February 22, 2022
UT’s physicists have helped discover a novel type of magnet, the result of collaborative brainstorming and creating "toy model" materials to solve complex problems. Nature Communications published their findings on the realization of an antiferromagnetic excitonic insulator, a long-predicted phenomenon that takes advantage of electrons’ spins and how they behave in a quantum system. A deeper understanding of how electrons work in these materials can set the framework for devices that function at smaller scales.
The paper’s lead author is Mark Dean, a physicist at Brookhaven National Laboratory and an adjunct associate professor of physics at UT. The university connection arose from his work with Associate Professor Jian Liu, one of multiple UT physicists on this experiment. Dean explained that broadly speaking they’ve found "a novel type of magnet," which is fascinating both in terms of basic fundamental science and possible technological applications.
While metals are conductors and allow electric current to move freely, insulators (e.g., plastic or glass) prevent it from doing so. Semiconductors (also known as integrated circuits or microchips) fall in between. The latter are enormously useful because their electrical resistance can be modified for applications like computing and smartphones. The research in Nature Communications takes the scientific principles of metals and insulators into more sophisticated territory, looking at how a material can change states based on its electrons’ properties.
What, exactly, is an antiferromagnetic excitonic insulator? It starts with electrons, whose spins produce tiny magnetic fields. In antiferromagetism, electrons arranged side by side have spins that alternate—up-down-up-down—cancelling out one another and quenching magnetism. This makes the host material less vulnerable to an outside magnetic field, which could, for example, erase data stored in a computer’s memory.
In an insulator, electrons are kept in tight quarters and can’t move around easily; hence the lack of electric current. Yet in solid materials there are different energy levels, called bands, and if electrons can find the energy to make the hop from the lowest, crowded energy band to another level, they’ll do it. When they make that leap, they leave behind a hole. If an electron and hole bind together, they form an exciton, a neutral quasiparticle that can carry energy.
For this work, the research team synthesized single crystals of strontium iridium oxide (a nominal insulator at high temperature) and then slowly cooled the sample. They used resonant inelastic x-ray scattering (RIXS) to measure magnetic interactions. As the temperature dropped, the gap between the energy levels began to shrink. Electrons hopped across the gap and quickly bound themselves to the resulting holes, actually creating a surplus of energy. At the same time, they triggered alternating electron spins, setting up antiferromagnetism. Once all the electrons had changed places, the material’s new configuration was an antiferromagnetic excitonic insulator.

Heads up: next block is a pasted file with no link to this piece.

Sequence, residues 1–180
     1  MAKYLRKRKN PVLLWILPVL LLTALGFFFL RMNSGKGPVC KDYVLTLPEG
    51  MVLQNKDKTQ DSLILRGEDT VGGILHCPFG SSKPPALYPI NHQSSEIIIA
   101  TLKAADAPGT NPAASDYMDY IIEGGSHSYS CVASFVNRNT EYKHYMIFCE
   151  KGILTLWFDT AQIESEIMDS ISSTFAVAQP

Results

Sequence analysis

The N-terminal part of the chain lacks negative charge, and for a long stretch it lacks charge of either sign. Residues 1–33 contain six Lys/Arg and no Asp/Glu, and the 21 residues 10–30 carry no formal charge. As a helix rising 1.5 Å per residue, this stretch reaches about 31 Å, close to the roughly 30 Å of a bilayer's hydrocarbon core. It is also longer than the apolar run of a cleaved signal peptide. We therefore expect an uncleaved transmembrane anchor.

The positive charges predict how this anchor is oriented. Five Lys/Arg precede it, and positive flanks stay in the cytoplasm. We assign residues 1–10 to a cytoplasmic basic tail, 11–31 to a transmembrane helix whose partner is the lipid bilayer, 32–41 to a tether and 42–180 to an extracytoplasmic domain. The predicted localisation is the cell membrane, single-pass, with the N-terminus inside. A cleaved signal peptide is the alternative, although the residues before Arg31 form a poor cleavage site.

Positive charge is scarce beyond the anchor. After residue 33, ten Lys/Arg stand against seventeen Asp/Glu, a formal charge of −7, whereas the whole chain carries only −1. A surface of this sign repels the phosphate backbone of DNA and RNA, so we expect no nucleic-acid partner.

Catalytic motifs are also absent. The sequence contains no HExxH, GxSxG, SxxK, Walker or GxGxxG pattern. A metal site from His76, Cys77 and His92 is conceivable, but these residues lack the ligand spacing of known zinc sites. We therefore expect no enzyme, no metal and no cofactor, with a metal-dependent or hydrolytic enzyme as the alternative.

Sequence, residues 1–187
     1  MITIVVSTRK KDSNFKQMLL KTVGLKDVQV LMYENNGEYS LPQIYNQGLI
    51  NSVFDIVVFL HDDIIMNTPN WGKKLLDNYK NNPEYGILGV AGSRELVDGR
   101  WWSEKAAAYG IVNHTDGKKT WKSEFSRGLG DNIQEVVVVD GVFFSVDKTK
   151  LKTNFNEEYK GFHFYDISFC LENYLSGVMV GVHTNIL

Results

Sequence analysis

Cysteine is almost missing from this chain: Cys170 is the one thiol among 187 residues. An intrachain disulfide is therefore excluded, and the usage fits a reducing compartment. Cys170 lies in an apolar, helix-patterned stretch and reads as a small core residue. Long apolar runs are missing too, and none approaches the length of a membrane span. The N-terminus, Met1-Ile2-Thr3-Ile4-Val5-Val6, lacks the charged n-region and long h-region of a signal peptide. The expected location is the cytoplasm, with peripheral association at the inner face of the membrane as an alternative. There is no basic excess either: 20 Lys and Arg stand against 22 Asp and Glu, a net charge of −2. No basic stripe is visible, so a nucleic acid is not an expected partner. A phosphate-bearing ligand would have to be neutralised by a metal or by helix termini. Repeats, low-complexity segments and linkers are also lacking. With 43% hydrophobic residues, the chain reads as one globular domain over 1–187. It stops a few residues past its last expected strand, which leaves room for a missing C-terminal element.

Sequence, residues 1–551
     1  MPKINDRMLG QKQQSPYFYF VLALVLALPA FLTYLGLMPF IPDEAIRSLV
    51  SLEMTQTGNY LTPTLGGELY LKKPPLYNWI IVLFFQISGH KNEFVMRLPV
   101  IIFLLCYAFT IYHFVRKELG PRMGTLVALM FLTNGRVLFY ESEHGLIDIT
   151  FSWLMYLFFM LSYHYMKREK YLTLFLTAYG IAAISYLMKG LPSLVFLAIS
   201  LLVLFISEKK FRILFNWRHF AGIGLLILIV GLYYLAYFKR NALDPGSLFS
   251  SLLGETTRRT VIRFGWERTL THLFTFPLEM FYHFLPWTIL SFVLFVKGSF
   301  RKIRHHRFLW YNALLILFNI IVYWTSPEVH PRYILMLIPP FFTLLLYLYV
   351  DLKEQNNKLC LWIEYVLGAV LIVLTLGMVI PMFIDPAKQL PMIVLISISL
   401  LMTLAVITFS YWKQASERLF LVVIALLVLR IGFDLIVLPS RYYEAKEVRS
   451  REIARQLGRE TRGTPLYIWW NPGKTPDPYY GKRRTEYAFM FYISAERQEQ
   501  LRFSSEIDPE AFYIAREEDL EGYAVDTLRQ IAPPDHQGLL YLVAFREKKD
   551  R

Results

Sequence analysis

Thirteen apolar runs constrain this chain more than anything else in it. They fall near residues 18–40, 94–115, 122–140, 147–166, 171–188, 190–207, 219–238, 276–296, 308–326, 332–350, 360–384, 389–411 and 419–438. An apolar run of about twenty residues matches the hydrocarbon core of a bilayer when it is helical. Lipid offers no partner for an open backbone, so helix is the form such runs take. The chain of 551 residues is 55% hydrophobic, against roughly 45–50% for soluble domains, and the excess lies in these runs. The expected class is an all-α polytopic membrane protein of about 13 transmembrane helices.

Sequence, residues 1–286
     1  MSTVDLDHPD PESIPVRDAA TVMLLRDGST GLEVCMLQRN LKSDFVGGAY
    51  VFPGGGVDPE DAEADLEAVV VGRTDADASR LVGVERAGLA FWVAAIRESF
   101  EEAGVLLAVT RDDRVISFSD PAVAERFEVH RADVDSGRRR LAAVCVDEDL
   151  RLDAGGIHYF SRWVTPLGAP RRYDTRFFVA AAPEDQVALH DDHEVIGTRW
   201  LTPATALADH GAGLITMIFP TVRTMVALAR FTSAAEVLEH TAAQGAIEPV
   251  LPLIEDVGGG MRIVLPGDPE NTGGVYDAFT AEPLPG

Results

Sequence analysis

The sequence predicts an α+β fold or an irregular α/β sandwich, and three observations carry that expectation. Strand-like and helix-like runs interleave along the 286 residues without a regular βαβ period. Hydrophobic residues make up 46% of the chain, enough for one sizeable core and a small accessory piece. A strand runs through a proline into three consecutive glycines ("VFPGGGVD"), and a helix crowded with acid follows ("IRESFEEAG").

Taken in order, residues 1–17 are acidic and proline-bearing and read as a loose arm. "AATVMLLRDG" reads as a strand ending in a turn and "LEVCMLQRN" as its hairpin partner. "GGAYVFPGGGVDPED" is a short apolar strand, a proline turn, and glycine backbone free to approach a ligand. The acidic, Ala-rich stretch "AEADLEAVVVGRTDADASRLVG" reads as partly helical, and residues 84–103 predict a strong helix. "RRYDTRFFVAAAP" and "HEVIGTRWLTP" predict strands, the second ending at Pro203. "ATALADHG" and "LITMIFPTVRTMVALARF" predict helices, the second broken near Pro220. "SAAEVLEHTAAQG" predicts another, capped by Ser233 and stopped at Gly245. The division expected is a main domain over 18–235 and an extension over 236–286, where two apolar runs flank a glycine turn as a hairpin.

For Liu, the results point to a new starting line in understanding electronic properties in quantum systems, where materials may comprise just a few layers of atoms. Confined dimensions affect how electrons can move and what properties show up because of those restrictions. In this experiment, the electron-hole pairs are bound perpendicularly as they move laterally, presenting the perfect conditions for an exciton to emerge. It also means metals aren’t the only option when it comes to magnetism.
Liu said the conventional view holds that magnetism often arises when a material is driven from a metallic state to an insulating state (known as a Mott insulator).
"We show this doesn't have to start from a metal and lots of interesting physics is yet to be explored when starting from an insulator or semiconductor," he said. "This could lead to a new class of insulator/semiconductor." It could also tell physicists more about how materials change phases.
"What is interesting is that it's not easy to distinguish which scenario a system is in if the material is already a magnetic insulator," Liu said. "This is like we can't really distinguish ice and dry ice until they become water and CO2 gas. That is why going to the other side of the quantum phase transition is important."
The Nature Communications research was actually inspired by theory calculations Lincoln Chair Professor Cristian Batista did for an earlier study on an antiferromagnetic Mott insulator. He and Liu wanted to see if they could extend the model to a system with higher dimensionality.
Hidemaro Suwa, a former UT postdoc now with the University of Tokyo, and current postdoc Shang-Shun Zhang worked with Batista on calculations and developing a model of what they expected the new experiment to show. Physics Graduate Student Junyi Yang travelled to the Advanced Photon Source at Argonne National Lab to run the experiment with members of Dean’s group: Daniel Mazzone and Yao Shen.
"The results agree very well with the theoretical predictions," Liu said. "This work is a good example of the magic of quantum mechanics in low-dimensional solids as well as the productive interplay between theory and experiment."
The combined strengths of experimentalists and theorists, as well as universities and national laboratories, make studying quantum systems more accessible.
"The way we came with the idea of this work shows the importance of experimentally realizing toy model materials and developing computational tools that can handle complex problems beyond perturbative approaches," Liu said. "This combination, plus good collaborative brainstorming, is the recipe for successful adventures."
Some content adapted from Brookhaven National Laboratory’s official press release. Many thanks to their Media and Communications Office.